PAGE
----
We noted that Geartronics had explained the basis of the claim, and that they believed the transient demand of an electrical solenoid system would be higher than that of an air actuator, unless it used an electrical control unit that stored the required electrical energy. We considered that the use of the word "high" in the claim implied that the difference in transient demand would be significant to consumers when making their choice of product. We noted that Geartronics had not provided any evidence in relation to the transient demands, or its significance to consumers. We therefore concluded that the claim was misleading.

On this point the ad breached CAP Code (Edition 12) rules 3.1 (Misleading advertising), 3.7 (Substantiation), 3.33 and 3.35 (Comparisons).

6. Upheld

We noted that Geartronics said that "heavy" referred to "heavy current", rather than the weight of the cables, but that they did believe electric solenoids required heavier cables than air actuators. We considered that the claim implied that electric solenoids required cables that would be heavier than those used by air actuators, and that the weight difference would be significant to consumers when making their choice of product. We noted that Geartronics had not provided any evidence in relation to the weight of the cables, or its significance to consumers. We therefore concluded that the claim was misleading.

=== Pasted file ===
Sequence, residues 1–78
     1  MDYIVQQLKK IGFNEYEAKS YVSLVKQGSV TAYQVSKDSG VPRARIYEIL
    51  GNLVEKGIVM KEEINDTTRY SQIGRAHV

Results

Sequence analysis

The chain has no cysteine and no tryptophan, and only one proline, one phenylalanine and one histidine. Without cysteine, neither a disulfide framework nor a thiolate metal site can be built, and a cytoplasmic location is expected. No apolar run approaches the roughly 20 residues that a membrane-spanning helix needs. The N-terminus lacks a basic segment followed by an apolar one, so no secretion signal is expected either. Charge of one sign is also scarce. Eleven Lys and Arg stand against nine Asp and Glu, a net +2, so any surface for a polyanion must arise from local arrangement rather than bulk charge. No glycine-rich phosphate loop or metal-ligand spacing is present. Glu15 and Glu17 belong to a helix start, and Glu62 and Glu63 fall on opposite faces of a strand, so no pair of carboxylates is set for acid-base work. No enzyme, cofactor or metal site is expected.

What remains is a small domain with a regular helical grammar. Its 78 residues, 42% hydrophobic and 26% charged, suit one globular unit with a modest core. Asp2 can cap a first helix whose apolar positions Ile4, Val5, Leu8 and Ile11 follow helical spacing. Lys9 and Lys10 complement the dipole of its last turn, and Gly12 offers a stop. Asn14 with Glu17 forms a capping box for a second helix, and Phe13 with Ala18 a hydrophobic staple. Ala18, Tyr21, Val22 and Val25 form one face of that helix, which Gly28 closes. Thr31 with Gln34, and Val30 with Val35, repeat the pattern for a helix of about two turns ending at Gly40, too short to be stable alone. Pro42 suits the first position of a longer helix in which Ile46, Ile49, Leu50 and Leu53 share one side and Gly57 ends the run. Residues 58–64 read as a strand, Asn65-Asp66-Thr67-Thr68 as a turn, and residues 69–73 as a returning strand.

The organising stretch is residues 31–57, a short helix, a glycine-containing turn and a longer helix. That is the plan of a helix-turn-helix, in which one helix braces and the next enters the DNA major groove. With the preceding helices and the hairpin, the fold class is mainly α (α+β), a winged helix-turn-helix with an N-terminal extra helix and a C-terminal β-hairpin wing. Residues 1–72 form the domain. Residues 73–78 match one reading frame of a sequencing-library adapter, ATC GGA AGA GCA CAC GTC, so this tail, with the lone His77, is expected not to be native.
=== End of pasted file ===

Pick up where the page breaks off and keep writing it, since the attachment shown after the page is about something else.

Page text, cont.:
On this point the ad breached CAP Code (Edition 12) rules 3.1 (Misleading advertising), 3.7 (Substantiation), 3.33 and 3.35 (Comparisons).

7. Upheld

We noted that the claim only referred to air actuators. However, because the claim appeared on a web page headed "Advantages of pneumatic over electric solenoid" we considered the claim implied that electric solenoids imposed potentially damaging shock loadings on the shift mechanism. We noted that Geartronics had explained how the different mechanisms worked and referred us to a web article they said confirmed this. However, we noted that the article only stated that if a solenoid generated forces much greater than required, then this energy needed to be dissipated in a manner that was not harmful to the solenoid or the mechanism it was driving. We also noted that the article indicated that it was possible to adapt mechanisms to ensure damage did not occur. Because the advertiser had not supplied any evidence that electric solenoids did impose potentially damaged shock loadings on the shift mechanism we concluded that the claim was misleading.

On this point the ad breached CAP Code (Edition 12) rules 3.1 (Misleading advertising), 3.7 (Substantiation), 3.33 and 3.35 (Comparisons).

Action

We told Geartronics to remove the claims in their current form and to ensure they held robust evidence to substantiate objective comparative claims in their future advertising.